The GoI in its recent GST council meet held at Goa has slashed GST rates for hotels and restaurants in various categories. This downward revision is in line with the recommendations of the various industry participants, with the competitive ability of the industry affected by higher GST rates. As per ICRA’s note, this is a strong positive for the industry as this rate cut comes at a much-needed time when the domestic hotel industry is facing slowing demand prospects both on foreign tourist arrivals and domestic travellers. At the time of initial implementation of GST, the 28% rate for hotels with tariffs greater than Rs7,500 led to higher tax rates in a few states in India. Under the pre-GST regime, room revenues attracted luxury taxes and service tax. Luxury tax, being a state subject, varied from state to state and was computed using different methods and rates, leading to effective taxation rates ranging from 18-25%. Post GST, while these differences were smoothened out, few states like Maharashtra faced substantially higher rates under the 28% regime.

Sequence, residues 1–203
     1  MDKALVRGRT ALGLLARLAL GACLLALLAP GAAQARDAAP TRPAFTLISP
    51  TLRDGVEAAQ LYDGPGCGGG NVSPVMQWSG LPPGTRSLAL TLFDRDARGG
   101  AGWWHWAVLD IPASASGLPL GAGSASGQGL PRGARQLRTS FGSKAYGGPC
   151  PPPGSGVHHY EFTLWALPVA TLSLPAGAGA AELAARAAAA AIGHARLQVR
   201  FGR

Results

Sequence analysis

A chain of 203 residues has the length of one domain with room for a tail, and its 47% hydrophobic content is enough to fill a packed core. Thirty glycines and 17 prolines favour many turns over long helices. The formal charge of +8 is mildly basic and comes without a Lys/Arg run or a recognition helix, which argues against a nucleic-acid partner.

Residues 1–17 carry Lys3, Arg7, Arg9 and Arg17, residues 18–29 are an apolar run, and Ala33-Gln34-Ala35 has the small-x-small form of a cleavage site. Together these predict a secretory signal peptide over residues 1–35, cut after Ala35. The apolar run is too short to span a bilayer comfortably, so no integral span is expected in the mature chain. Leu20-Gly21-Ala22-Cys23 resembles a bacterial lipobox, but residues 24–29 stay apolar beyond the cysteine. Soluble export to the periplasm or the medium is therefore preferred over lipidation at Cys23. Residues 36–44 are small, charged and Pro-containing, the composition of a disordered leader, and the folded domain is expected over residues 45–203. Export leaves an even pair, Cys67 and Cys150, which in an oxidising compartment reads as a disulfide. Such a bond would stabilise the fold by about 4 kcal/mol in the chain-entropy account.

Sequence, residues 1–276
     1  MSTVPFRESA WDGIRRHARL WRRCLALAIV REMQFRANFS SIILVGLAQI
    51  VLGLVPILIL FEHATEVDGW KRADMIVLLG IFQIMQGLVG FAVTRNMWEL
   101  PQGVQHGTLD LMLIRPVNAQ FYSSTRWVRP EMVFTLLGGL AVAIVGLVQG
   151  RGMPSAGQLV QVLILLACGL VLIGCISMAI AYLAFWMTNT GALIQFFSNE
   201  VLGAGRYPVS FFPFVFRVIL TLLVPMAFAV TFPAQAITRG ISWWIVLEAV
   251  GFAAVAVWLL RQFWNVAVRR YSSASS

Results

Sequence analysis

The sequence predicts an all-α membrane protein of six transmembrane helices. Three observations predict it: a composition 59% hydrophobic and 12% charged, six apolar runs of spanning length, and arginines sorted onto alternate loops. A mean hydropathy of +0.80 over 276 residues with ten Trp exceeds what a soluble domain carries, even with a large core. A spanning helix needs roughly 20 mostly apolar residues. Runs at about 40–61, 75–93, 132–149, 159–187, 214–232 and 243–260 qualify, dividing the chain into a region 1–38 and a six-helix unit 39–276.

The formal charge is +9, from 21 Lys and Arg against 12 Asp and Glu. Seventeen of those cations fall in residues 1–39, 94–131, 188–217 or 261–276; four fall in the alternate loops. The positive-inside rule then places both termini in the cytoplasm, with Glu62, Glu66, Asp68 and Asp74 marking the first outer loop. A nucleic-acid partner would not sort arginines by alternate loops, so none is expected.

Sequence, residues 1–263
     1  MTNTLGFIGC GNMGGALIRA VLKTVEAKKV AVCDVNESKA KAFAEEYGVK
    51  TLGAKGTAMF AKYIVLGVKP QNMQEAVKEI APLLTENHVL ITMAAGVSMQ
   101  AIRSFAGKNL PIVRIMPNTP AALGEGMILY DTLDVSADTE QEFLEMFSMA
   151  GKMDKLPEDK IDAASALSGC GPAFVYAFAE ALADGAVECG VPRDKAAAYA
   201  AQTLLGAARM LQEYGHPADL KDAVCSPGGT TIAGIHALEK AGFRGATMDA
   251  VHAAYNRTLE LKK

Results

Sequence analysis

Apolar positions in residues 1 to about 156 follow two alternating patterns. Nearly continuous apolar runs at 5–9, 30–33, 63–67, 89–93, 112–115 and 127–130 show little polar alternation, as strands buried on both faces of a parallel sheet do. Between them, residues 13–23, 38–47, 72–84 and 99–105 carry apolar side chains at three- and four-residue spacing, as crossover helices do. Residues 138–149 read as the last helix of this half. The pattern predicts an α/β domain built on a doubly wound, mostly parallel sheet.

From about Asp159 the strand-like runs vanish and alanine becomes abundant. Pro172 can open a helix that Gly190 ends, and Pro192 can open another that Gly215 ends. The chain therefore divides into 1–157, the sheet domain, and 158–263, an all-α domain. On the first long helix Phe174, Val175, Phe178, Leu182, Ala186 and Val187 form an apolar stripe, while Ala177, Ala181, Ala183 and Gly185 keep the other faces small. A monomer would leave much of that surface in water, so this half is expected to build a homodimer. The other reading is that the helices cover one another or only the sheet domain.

Pavethra Ponniah, Vice President & Sector Head, ICRA, “The immediate term impact of this rate cut would be a rationalisation of tariffs, particularly in the upper-upscale and luxury segments as hotels adjust to the lower rates, potentially stimulating higher demand and consequently occupancies. This, to a limited extent, will also narrow the GST rate differential between India and neighbouring countries (GST rates of 7-8%) potentially drawing back meeting, incentives, conference and exhibition (MICE) traffic that India was losing out on. Importantly, this opens up room for an increase in net room rates which the hotels effectively earn. The Indian hospitality industry, despite witnessing a sustained increase in occupancies since 2017, has been unable to push for higher average room rates constrained by fear of incremental supply and loss of guests to the competition. With lower tariffs post the GST cut, the industry will attempt to push for higher net rates.” As regards, outdoor catering, a relatively newer ancillary income vertical for hotels, could also benefit from the lower 5% GST rate (without income tax credit), but the same is contingent on other fixed costs like rental which attract GST. Major consumable for restaurants like grains (not packaged), vegetables, poultry, and seafood are exempt from GST.